Same Sex Marriage: 'Thoroughly Tiresome,' by Design

Published in 1989, After the Ball is a seminal work which laid out a comprehensive plan to establish the “normalcy” of gays and lesbians and secure broader acceptance and rights.  It is subtitled, How America Will conquer Its Fear and Hatred of Gays in the 90s.

The manifesto was laid out by a pair of Harvard graduates.  Marshall Kirk (class of 1980) became a researcher in neuropsychiatry.  Hunter Madsen (class of 1985) received his degree in Politics and went on to work on Madison Avenue and become an expert in public persuasion tactics and social marketing.

Today, twenty-five years after its publication, what is most striking about their work is this:  Their ambitious plan, with a few verb tense changes, could be repackaged and sold as a History book, presenting a very accurate picture of what we have all witnessed happening over the last quarter century. Perhaps the only aspect of the plan that can be faulted just a little is its timeline.  It took twenty five years, not ten, to achieve its goals. Not bad.  Still an A+.

American folklore tells us that a young Yale student named Fred Smith penned a paper for an economics class in the early 1960's outlining an overnight delivery service for the computer information age.  That paper, rumored to have received a C+, became FedEx.

The success of the plan laid out in After the Ball parallels that of FedEx, only it was not a business plan; it was a wildly successful social psychology/marketing plan.  And it has changed American society every bit as much as FedEx has, and in the long run, probably far more.

Nuts & Bolts

I'll focus on just one chapter, which describes the essential components of the plan:

Part II:  Driving the Wedge

Chapter 3:  Strategy:  Persuasion, not Invasion

I’ll refrain from inserting a lot of commentary because it is unnecessary.  Every word of this will resonate with anyone who has paid attention to societal and cultural issues over the last twenty five years.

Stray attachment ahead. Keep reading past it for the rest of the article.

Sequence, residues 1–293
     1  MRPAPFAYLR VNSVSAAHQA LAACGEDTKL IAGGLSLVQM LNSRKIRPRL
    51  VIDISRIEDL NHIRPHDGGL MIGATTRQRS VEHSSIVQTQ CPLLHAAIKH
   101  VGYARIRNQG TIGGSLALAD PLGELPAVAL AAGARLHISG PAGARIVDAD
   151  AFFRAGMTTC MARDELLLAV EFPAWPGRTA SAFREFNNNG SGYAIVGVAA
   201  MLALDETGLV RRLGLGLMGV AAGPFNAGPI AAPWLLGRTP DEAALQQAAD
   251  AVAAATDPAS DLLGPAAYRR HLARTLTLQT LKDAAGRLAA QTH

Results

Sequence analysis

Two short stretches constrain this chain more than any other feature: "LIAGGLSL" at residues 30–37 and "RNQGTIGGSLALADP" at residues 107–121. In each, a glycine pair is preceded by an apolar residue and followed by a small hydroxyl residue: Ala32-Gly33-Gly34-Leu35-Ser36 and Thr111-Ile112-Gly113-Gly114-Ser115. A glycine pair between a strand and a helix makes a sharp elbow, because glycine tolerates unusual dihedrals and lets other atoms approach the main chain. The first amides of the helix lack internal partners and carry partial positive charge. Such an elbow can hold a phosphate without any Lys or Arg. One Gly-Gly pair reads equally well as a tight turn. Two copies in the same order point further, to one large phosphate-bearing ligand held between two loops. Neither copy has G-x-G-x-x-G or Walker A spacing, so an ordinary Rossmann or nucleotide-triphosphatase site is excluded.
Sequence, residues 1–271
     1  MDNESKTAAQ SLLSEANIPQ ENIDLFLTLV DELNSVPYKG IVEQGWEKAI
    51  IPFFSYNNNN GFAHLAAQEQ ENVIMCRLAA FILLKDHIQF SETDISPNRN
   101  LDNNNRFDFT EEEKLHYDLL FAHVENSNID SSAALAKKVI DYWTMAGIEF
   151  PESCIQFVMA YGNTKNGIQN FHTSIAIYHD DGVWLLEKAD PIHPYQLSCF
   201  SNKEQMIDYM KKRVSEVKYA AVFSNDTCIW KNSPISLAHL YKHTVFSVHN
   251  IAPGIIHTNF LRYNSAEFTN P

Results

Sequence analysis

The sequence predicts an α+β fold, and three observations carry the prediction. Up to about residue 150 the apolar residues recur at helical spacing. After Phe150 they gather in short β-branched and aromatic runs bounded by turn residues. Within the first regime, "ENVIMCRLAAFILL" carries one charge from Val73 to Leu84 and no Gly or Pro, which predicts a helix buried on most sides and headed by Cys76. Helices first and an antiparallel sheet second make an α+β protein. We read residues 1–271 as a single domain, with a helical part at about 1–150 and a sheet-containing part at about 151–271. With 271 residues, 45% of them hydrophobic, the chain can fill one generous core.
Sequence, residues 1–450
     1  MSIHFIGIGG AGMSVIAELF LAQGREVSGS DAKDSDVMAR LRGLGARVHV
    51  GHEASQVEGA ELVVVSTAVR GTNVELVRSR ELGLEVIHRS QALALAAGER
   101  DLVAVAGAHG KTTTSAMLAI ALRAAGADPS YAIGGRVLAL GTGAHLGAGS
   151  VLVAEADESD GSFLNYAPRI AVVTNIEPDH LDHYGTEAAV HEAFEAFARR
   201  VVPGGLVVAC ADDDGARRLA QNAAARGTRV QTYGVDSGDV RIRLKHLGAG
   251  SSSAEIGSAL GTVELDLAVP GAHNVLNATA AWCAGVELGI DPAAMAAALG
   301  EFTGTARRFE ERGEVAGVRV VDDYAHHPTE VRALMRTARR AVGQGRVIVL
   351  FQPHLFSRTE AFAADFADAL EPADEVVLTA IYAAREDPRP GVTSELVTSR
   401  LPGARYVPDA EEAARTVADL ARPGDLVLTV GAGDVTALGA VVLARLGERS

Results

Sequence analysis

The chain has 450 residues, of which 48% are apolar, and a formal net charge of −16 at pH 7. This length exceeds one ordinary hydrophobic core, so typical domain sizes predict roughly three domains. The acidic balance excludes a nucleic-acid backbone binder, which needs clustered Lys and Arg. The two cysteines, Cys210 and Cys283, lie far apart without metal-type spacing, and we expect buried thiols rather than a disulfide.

We have in mind a strategy . . . calculated and powerful . . . manipulative . . .  It’s time to learn from Madison Avenue, to roll out the big guns.  Gays must launch a large-scale campaign--we've called it the waging peace campaign--to reach straights through the mainstream media.  We’re talking about propaganda (page 161).

You can forget about trying right up front to persuade folks that homosexuality is a good thing.  But if you can get them to think it is just another thing--meriting no more than a shrug of the shoulders--then your battle for legal and social rights is virtually won.

OK, I have to comment:  We reached this stage a long time ago.  For a humorous take on this, watch episode #1 of "Queer Duck," a cartoon which aired weekly on the Showtime Network beginning in 2002.  When Queer Duck decides to come out of closet at work, the response from the waiting room full of patients (Queer Duck is a receptionist at a doctors office) is a communal, "Yeah, so what?"

Application of the keep-talking principal can get people to the shoulder-shrug stage.  The free and frequent discussion of gay rights by a variety of persons in a variety of places gives the impression that homosexuality is commonplace.”

One more thing:  Is being gay really "commonplace?" According to the Williams Institute, the premiere LGBT think tank at UCLA Law, gays and lesbians comprise just 1.7% of the adult population.  We gays and lesbians are not all that commonplace, it just seems that way because we have been granted such an overwhelming, high-profile presence by American media.